Hunger was measured using a Likert hunger scale ranging from 0 (no hunger) to 10 (extreme hunger). "After dose escalation, patients noticed a distinctive lowering in their hunger levels to normalization. This effect was seen at 1.5 mg/day in both patients," reported Dr Kühnen.

Regarding metabolic markers of disease, prior to treatment insulin levels were markedly elevated during the oral glucose tolerance test, reflecting severe insulin resistance, and these levels normalized completely during treatment, he added.

The loss of body weight, which was the primary end point, was mainly because of loss of body fat, which was accompanied by a substantial decrease in serum leptin levels, write the authors.

Because setmelanotide activates the melanocortin-4 receptor pathway, the researchers expected to see side effects related to this, and they did. The findings included intermittent nausea for a few days, increased tanning of the skin, as well as a darkening of hair from red to brown. However, patients experienced no serious adverse events and did not discontinue treatment because of adverse events.

Blood pressure was carefully monitored because an increase in blood pressure has been observed with other melanocortin-4 receptor agonists, but no signs of increase were observed in these patients.

The researchers write that in the first patient, systolic and diastolic blood pressure as well as heart rate were reduced during the extension phase after weight loss, a finding of clinical significance. Pubertal development did not change.

A dose–response relationship was observed. "In the first patient we noticed a correlation between dose and hunger score, and a mild reduction in dose led to a slight increase in hunger," Dr Kühnen pointed out, adding that this patient also experienced an off-drug period, "and within only a few days we saw an increase in hunger and weight gain."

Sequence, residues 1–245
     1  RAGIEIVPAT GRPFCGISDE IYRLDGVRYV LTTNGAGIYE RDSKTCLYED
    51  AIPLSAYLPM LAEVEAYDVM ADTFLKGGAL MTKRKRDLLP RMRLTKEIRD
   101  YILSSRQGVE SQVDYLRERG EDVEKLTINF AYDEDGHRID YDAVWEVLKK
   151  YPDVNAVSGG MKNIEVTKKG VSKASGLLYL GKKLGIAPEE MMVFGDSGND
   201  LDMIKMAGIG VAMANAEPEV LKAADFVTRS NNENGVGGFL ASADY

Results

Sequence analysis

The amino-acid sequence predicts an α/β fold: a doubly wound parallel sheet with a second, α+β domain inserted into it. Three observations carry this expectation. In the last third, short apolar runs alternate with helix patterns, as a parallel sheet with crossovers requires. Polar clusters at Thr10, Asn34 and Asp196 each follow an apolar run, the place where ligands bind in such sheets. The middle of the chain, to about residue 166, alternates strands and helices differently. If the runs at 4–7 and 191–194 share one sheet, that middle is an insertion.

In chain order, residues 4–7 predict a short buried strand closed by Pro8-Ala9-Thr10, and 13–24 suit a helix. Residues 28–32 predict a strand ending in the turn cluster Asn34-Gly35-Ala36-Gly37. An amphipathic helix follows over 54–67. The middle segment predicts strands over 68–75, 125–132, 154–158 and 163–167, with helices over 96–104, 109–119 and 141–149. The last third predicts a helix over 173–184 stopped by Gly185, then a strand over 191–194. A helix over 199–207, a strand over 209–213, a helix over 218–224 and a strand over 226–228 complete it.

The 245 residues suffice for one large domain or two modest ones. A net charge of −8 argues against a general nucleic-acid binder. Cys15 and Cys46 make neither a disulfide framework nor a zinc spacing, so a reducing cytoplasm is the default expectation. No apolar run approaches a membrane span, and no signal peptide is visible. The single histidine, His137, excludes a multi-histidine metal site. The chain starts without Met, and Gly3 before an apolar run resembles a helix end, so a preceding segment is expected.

Other Obesity-Related Rare Diseases And More . . .

Regarding the wider relevance of the findings from this limited study to a broader population of obese patients, Dr Reitman noted in his editorial that leptin-replacement therapy was informative.

"Leptin replacement in patients with a deficiency due to leptin mutations or lipodystrophy produces dramatic clinical benefits. However, leptin treatment of patients with common obesity, who have high leptin levels, was unsuccessful," he explained. The heterozygous loss of function with MC4R causes an unusual phenotype, and this might make "MC4R agonism a 'sweet spot' for drug therapy, if a modest increase in signaling provides more clinical benefit than risk."

Asked a similar question, Dr Kühnen emphasized that their study provides insight into how the genetics of obesity work.

"We are focused on upstream defects in the POMC signaling pathway, where the treatment led to this transformational change in hyperphagia in the POMC-deficient patient, and we are now focusing on other patients who have genetic defects within the hypothalamic leptin–melanocortin pathway."

Rhythm Pharmaceuticals says it expects to soon expand setmelanotide development to include two other MC4 pathway disorders, LepR deficiency obesity, where patients have two defective leptin-receptor genes, and POMC heterozygous deficiency obesity, where patients have only one normal copy of the POMC or proprotein convertase subtilisin/kexin type 1 (PCSK-1) gene. Both disorders represent areas of high unmet need with no approved or effective therapies available to patients.

Dr Kühnen added that it was too early to say whether there is a much wider application of this finding. "Right now we are focusing on the rare diseases."

Dr Kühnen has no relevant financial relationships. Disclosures for the coauthors are listed on the journal website.

N Engl J Med. 2016;375:240-246, 275-278. Abstract, Editorial